Pretoria - MEC for Community Safety Sizakhele Nkosi-Malobane on Tuesday apologised to the family of the autistic girl whose body was found in the Moretele River on Sunday.
“We are sorry for the family for what they had to experience, and that they had to lose their loved one,” said Nkosi-Malobane, who fought to hold back tears during her visit to the home of the Mamelodi girl.
The family of Katlego “Katli” Joja, 10, used the opportunity to pour out their emotions about their loss.
She told them her intervention came after a request from the ward councillor, who was unhappy with the way police had handled the case after the child went missing.
“When we go to a police station to report a child missing certain protocols need to be immediately followed for example, you don’t have to wait for 30 minutes to look for that child.
“At least somebody needed to have been dispatched together with the dog unit to come and assist the family to look for the child,” Nkosi-Malobane said.
The family was sent from pillar to post and had to wait for 24 hours, "which I think was wrong", she said. She assured the family that her department and police authorities were looking into the bad manner in which police had treated the case.
Police who were working on the shift when the matter was reported would face disciplinary action.
She also thanked community members who took part in mission to search for Katli.
“I would also like to thank the community because once the police could not respond immediately the community responded. They usually gave the family a lot of support in looking for the child,” she said.
According to Nkosi-Malobane , a preliminary report of the autopsy was available, but she was not in a position to divulge its content.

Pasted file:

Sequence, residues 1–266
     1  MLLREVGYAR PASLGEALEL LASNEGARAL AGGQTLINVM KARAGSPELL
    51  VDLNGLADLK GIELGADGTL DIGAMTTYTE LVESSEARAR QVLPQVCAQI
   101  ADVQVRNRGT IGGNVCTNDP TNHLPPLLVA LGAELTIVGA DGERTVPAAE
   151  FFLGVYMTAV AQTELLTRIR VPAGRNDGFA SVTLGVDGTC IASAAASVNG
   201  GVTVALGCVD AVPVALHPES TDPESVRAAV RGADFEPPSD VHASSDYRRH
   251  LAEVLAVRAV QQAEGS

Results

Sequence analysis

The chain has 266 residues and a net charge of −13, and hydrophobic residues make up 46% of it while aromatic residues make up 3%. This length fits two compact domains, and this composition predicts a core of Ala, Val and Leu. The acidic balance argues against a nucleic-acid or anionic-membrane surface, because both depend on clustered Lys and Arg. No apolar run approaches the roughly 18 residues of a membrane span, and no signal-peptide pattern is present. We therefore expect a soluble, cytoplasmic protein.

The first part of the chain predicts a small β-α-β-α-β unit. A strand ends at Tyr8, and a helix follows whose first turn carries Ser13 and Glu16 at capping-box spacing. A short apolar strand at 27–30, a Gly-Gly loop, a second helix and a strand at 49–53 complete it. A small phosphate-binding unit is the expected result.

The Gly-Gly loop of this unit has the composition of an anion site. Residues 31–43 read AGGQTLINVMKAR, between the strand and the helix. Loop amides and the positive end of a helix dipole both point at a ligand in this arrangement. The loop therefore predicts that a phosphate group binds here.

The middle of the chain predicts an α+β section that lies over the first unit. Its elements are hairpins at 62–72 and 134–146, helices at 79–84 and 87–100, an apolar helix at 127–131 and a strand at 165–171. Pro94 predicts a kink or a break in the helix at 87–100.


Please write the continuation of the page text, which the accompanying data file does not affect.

Katli’s uncle, Thabiso Storom, said his family were able to find solace in their interaction with the MEC.
“We are comfortable that the case is receiving a high level of attention, not only from the high office point of view, but from everybody who got involved.
“The investigation is still under way and we are comfortable that the right level of scrutiny is being applied to what they do and how they are doing it,” he said.
Regarding the preliminary autopsy report, Storom said: “At the moment we would rather wait to see what the outcome of the complete investigation is.
“We will then take it forward if we are still not happy. But right now we would like to focus on burying our little angel and I think that is the energy that we would like to put on Katli and let the police worried about what happened, piecing the puzzles together.”
He said Nkosi-Malobane told them that enough resources had been made available for the case.
“The plea from the family was that it is unfortunate that it has had to come to this level; that the case gets to be looked at after death and by the highest office.
“The public needs to learn from Katlego’s case and apply it so that other families don't find themselves in the position that we are sitting in.
“Our plea is that we just want to cry for the rest of the children in South Africa and parents who don't have the type of resources we had,” Storom said.
Katlego was reported missing last Thursday. A search for her yielded no positive results.
Oupa Mtsweni, leader of the Mamelodi Concerned Residents for Service Delivery organisation, was acknowledged for his active role in mobilising the community in the search for Katlego.
He said he worked together with the family to print pamphlets which were circulated around the township. An inquest docket was opened and police investigations are still under way.
A memorial service will be held in honour of Katli at the family household and she will be laid to rest on Friday at the local cemetery at 9am.
The #NotInMyName movement is scheduled to march to Mamelodi West police station to hand over a memorandum demanding that the inquest be dealt with speedily.